Okay, I confess: I’m a huge fan of Sam Tsui and Kurt Hugo Schneider. I don’t normally fork out cash to go for concerts because I think they’re lame, but I paid $60 bucks for Cat B tickets to watch Sam and Kurt when they performed in Singapore this week. I know, I’m actually secretly a 13-year old girl with pigtails.
In case you don’t know Sam and Kurt, they’re two of the biggest YouTube celebrities in the world. Their cover of Nelly’s “Just A Dream” with fellow YouTube star Christina Grimmie has over 69 million views. Their balland cover of Britney Spears’ “Hold It Against Me” was featured on the official Britney Spears website. They’ve appeared on the Ellen show, and their videos have been described by Time as a combination of Glee and Attack of the Clones.
Did I just Wikipedia all of that? Yes. Am I sorry for gushing like the hordes of pre-pubescent girls at their concert this week? Nope.
The concert rocked. But not like in the traditional sense: There were no backup dancers, emcees, props, or opening acts. There was no fancy lighting. Their backdrop looked like it came from a pirated karaoke machine.
There were just four guys on stage – Sam on vocals, Kurt on keyboard, a drummer, and a guitarist. But they sang amazing covers and originals, threw a hell of a performance, and looked like they were having the time of their lives. The Singaporean audience – which has a notorious reputation of being super unenthusiastic at performances – was cheering, waving, singing, and jumping on their feet. It was awesome.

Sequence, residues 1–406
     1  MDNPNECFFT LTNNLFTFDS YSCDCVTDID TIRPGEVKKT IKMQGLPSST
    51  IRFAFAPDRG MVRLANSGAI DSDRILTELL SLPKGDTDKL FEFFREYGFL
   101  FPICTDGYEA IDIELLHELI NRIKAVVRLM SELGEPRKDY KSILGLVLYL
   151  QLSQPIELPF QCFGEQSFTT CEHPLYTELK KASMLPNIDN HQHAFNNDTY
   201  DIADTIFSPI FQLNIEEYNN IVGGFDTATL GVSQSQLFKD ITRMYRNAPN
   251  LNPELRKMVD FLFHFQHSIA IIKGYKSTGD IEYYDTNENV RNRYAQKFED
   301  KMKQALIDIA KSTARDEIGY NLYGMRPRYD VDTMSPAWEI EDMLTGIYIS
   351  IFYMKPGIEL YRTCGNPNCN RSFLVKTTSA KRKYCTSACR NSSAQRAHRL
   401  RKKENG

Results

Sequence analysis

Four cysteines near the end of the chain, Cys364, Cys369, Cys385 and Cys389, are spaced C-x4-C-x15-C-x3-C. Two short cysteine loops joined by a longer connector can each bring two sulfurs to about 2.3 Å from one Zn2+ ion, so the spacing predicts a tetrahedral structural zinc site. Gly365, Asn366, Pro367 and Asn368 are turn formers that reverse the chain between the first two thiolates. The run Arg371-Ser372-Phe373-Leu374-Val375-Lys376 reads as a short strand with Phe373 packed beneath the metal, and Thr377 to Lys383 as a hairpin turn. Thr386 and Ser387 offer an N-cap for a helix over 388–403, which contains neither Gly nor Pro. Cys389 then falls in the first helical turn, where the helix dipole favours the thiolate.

The Passion Myth
This post isn’t about me gushing over a bunch of pop stars. I’m writing about Sam and Kurt because they’re perfect examples of the new way to do what you love and blow the world away.
How do you go from being a virtual nobody to touring the world, doing what you love and earning lots of money without having your lives dictated by some evil record label?
It’s not what you might think.
Most people assume that singers are driven by passion. They point out that celebrities like Justin Timberlake (best VMA performance ever) and Miley Cyrus (worst VMA performance ever) launched their careers as kids performing at the Mickey Mouse Club. They assume that Baby Justin popped out of his mothers’ womb, decided that his “passion” was singing, and went on to become an international sensation.
That’s why most people make the mistake of sitting in their rooms, trying to discover what their “passion” is. They believe that once they know what they really, truly, want, they’ll be able to do what they love and everything will fall into place. So let’s get a couple of sheets of paper and brainstorm till we find our passion!!!
It doesn’t work that way.
The Real Way of Discovering Your “Passion”
In the book So Good They Can’t Ignore You, Cal Newport argues that “follow your passion” is actually bad advice. It implies that if we’re not careful, we might miss our true calling. Whenever our work becomes hard, we’re pushed toward an existential crisis asking ourselves, “Is this what I want? What I really, really, want?” Except without the Spice Girls music.